• Residents, sources say militias destroyed homes, mosques
• Interior Ministry spokesman denies accusations
• Pro-government forces recapture villages near Iran
Sunni politicians and tribal chiefs from Iraq’s eastern Diyala province accused Shiite militias on Monday of killing more than 70 unarmed civilians who had fled clashes with Islamic State militants.
Interior Ministry spokesman Brig. Gen. Saad Maan denied the claims, saying IS was trying to undermine the reputation of Iraqi security forces. A local Shiite official said it was too soon to draw conclusions and suggested IS could have been behind the deaths in the eastern village of Barwanah.
The accusations followed a three-day offensive in which Iraqi security forces and Shiite militias captured two dozen villages from Islamic State fighters in Diyala. The assault, which began on Friday, enabled Shiite militias, the Iraqi army and Sunni tribesmen to push the militants out of the Muqdadiya area, the closest Islamic State outpost to the Iranian border 40 km (25 miles) to the east.
Iraq’s Shiite-led government, backed by US-led air strikes, has been trying to push back Islamic State since it swept through northern Iraq in June.
Diyala’s governor, Amir Salman, and Nahida Al-Daini, an MP from nearby Baquba, called on Baghdad to intervene in Barwanah, 5 km (3 miles) northwest of Muqdadiya where pro-government militias and some security forces took control of about two dozen villages from IS fighters earlier on Monday.
“This evening the militias entered the village of Barwanah and executed more than 70 residents. This is a real massacre by the militias,” Daini told Reuters.
Sagar Al-Jabouri and Ahmed Ibrahim, Sunni sheikhs from Muqdadiya, confirmed the reports. “The militias are acting above the law. The security forces are unable to restrain them,” Jabouri said. “We will defend ourselves. We are afraid we will be next.”
Reuters was unable to independently verify these claims due to the security situation in the area. “Daesh terrorists might have killed those people because they refused to fight with them,” said Amal Omran, a Shiite member of the Diyala provincial council, using a derogatory acronym to refer to Islamic State.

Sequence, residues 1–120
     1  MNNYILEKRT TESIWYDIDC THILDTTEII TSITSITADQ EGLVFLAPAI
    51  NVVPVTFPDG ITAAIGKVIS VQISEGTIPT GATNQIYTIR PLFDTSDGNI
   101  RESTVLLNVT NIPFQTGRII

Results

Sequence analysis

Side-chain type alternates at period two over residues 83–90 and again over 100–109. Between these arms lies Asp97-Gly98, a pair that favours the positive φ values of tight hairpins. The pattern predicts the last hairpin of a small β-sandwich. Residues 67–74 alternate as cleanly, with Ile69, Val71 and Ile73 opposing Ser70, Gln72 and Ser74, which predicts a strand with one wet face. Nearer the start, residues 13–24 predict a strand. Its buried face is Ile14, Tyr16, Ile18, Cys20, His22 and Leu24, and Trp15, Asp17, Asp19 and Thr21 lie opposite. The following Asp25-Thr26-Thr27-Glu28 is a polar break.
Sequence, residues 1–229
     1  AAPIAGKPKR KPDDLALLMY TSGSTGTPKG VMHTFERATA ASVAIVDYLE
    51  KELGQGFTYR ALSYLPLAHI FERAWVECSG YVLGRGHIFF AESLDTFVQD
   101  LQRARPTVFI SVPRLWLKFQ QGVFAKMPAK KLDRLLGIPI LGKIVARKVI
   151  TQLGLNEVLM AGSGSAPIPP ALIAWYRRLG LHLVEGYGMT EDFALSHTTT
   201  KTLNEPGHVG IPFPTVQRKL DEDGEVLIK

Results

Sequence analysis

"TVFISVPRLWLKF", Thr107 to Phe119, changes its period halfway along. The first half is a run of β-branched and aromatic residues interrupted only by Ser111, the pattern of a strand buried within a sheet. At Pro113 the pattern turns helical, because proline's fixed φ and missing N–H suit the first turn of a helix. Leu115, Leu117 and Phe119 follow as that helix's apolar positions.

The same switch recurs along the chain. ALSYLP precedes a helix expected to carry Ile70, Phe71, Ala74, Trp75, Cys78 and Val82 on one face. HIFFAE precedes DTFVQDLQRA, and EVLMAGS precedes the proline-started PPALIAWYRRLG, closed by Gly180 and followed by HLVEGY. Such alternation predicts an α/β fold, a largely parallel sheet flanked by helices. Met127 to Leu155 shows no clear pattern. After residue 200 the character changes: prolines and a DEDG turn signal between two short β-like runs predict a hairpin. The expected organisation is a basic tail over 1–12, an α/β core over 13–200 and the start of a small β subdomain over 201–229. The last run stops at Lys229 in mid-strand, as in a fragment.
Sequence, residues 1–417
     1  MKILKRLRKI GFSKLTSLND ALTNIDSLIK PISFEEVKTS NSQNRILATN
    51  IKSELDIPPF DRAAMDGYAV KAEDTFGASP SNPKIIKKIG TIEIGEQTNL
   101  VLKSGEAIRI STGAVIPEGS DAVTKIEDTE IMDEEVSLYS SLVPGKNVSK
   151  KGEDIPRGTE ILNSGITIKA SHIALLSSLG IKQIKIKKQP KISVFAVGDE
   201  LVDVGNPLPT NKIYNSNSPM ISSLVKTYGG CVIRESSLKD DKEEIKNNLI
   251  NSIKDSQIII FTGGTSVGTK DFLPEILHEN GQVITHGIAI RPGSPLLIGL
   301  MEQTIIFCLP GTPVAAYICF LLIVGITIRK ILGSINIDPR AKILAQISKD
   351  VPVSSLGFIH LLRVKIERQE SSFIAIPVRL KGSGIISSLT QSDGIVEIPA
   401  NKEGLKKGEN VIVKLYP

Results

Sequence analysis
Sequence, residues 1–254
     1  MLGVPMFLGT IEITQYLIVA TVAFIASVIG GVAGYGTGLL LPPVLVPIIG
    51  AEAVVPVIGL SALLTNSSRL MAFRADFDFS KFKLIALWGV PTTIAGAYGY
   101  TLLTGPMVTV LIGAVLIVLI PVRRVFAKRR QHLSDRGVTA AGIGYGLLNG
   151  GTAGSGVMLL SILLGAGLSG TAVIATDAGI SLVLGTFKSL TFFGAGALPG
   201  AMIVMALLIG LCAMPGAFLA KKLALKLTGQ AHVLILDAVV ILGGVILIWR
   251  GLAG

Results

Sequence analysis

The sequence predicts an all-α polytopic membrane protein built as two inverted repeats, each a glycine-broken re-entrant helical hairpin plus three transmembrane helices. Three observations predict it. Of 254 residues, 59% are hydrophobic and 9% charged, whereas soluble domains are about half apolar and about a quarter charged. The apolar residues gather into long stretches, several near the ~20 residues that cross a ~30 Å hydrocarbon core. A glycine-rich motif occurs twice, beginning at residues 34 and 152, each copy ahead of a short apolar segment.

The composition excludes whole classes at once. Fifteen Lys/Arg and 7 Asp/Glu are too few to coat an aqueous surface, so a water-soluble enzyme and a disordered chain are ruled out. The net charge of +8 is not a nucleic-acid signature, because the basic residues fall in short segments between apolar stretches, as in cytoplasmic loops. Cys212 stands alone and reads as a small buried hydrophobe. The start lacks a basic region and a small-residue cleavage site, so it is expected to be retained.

Hadi Al-Amri, head of the Shiite paramilitary group Badr Organization, told a news conference broadcast on state TV at least 58 soldiers and pro-government fighters were killed in the Muqdadiya offensive and 247 wounded.
“We managed on Jan. 25 and after three days’ tough battle to defeat the terrorists in northern Muqdadiya and we cleansed all the villages of Daesh,” Amri said.
About 65 Islamic State fighters were killed, Sadiq Al-Hussaini, chairman of the security panel of Diyala’s provincial council, said, adding other militants had fled but did not specify where. Mountainous terrain could make it difficult to eliminate Islamic State from the area.
Previous seizures have often been followed by a counter-offensive. Residents and security sources said Shiite militias had destroyed several mosques and set fire to dozens of houses in the village of Shirween, even some belonging to Sunni fighters who had participated in the offensive.
“After liberating some villages in northern Muqdadiya, a group of militias assaulted us and accused us of being IS members. After they restricted our movement, they began to blow up the large houses,” said Salam Abdullah Al-Jobouri, a Sunni tribal fighter.
An army major, a local official and a Sunni tribal leader confirmed the reports. The major said security forces were unable to stop the militias.
The Interior Ministry spokesman denied government forces had intentionally destroyed residents’ homes. He accused IS of planting bombs as they retreated in order to ambush the troops and undermine their reputation.
While Islamic State’s advance has forced thousands of people from their homes, government attempts to regain territory have also displaced many.